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Matzot Mitzvah - Baking Matza on the Day Before Pesach

Matzot Mitzvah - Baking Matza on the Day Before Pesach

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Out of special love for the commandments, there are those who bake special Matzot on the day before Passover, even though they have already prepared sufficient Matzot for use on Passover and were careful to do so with concern for every detail of the laws.

These special Matzot are referred to as Matzot mitzvah, the three Matzot that will be used for the Seder. These Matzot are baked after the sixth hour of the day [some say after six and a half hours].

Since one is forbidden to derive any benefit from chametz at this time, extreme care must be taken to ensure that there is not even a remote possibility that the Matzot might become chametz.

These Matzot are baked in the afternoon to commemorate the Passover offering which was slaughtered and prepared after midday on the fourteenth of Nissan.

Meticulous care is taken when baking these Matzot. The process begins on the previous evening when water is drawn and left to stand overnight. The water is filtered and stored in a cool place to be used for the baking the next day.

As midday of the fourteenth of Nissan approaches, the oven to be used for baking these special Matzot is heated to half strength. Flour from shemurah wheat, guarded from the time of reaping, is brought in and a quantity sufficient to obligate one to separate challah is mixed with the water that had been left to stand overnight.

Some people have a tradition of mixing less than the quantity that would obligate the separation of challah.

Optimally, one person should add the water, one should knead the dough, one should roll it out and cut it, one should perforate the dough and take it to the oven, and one person should bake it into matzah. In any case, at least three people should work together to ensure that the matzah is baked quickly before it has a chance to become chametz.

None of the work undertaken to prepare Matzot mitzvah should be performed by a person who is not obligated by the Torah in the performance of mitzvot.

At every stage, from the drawing of the water through the baking, everyone engaged in the preparation should say that he is working "for the sake of Matzot mitzvah". While the dough is being kneaded, one should declare that "any crumbs that may fall from this dough or that stick to the utensils are hereby declared ownerless."

The purpose of this declaration is to render any crumbs, which might become chametz, as ownerless while the dough is not chametz and is still in the possession of the people baking the Matzot.

As soon as the first batch of dough is finished, the tables and all of the utensils used for preparation are thoroughly scoured and cleaned to make sure that there are no crumbs which could become chametz remaining on them.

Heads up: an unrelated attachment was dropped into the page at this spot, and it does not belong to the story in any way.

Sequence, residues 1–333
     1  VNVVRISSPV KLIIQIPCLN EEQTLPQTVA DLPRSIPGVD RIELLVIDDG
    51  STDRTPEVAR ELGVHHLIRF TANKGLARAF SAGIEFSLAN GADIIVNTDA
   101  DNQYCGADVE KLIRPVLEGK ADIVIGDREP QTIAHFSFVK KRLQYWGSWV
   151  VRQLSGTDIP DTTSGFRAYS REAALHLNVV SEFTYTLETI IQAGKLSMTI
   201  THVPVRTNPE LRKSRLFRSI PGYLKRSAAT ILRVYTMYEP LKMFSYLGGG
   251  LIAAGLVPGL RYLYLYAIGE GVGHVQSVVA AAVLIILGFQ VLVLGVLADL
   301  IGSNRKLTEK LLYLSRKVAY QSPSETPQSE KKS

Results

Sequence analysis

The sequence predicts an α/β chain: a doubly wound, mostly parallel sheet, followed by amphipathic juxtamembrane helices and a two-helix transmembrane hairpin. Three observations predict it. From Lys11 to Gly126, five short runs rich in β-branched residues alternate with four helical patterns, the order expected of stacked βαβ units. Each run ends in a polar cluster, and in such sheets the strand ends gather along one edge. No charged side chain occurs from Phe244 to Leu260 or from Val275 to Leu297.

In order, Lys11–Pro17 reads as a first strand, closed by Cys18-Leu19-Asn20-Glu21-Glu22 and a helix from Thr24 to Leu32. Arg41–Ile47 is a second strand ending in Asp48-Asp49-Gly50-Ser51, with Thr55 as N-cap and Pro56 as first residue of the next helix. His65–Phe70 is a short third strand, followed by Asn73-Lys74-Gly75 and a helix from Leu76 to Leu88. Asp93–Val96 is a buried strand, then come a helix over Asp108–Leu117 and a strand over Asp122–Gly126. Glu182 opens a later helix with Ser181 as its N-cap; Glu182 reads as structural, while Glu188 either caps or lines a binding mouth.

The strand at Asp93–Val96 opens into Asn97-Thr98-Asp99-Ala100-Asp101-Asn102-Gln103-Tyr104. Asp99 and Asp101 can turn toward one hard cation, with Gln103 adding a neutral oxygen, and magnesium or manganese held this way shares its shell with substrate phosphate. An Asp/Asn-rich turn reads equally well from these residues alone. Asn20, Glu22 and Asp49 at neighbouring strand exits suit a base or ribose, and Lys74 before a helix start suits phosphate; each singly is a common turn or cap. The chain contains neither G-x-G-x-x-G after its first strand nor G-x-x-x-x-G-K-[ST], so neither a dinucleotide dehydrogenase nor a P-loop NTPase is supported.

Crumbs or pieces of dough which might have fallen are swept up and discarded before the preparation of the next batch of dough. This procedure is repeated each time a new batch of dough is prepared for baking.

It is customary to sing Hallel while baking the Matzot mitzvah, to remind us that the Passover sacrifice, offered after midday on the fourteenth of Nissan, was brought to the accompaniment of Hallel.

Some early authorities write that the three Matzot mitzvah prepared for use at the Seder should be made from a quantity of flour which would require the separation of challah [1,680 grams].

Most communities do not follow this custom, for using that quantity of flour would mean baking thick Matzot. In fact, they take great care to ensure that the Matzot are thin and baked as quickly as possible.

When the Matzot have been baked, they are placed together and covered with a cloth, and challah is separated. It is preferable to bring the Matzot home and allow one's wife to separate challah, for this mitzvah is specifically hers.

If the husband separated challah without his wife's permission, the Sages ruled that he should pay her ten gold coins as compensation for having "stolen" her mitzvah.

Rabbi Eliyahu Kitov, OBM, was one of Israel's most acclaimed religious authors, whose books on the Jewish way of life and the Chassidic movement have become renowned. Text translated from the Hebrew by Nachman Bulman and Dovid Landseman.
Excerpted from: The Book of Our Heritage. Published and copyright by Feldheim Publications.
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Vera Kinsey March 17, 2014

Is what you can eat in the Seder meal described in scripture anywhere and if so where? What do you eat in the feast of the unleaven bread? Reply

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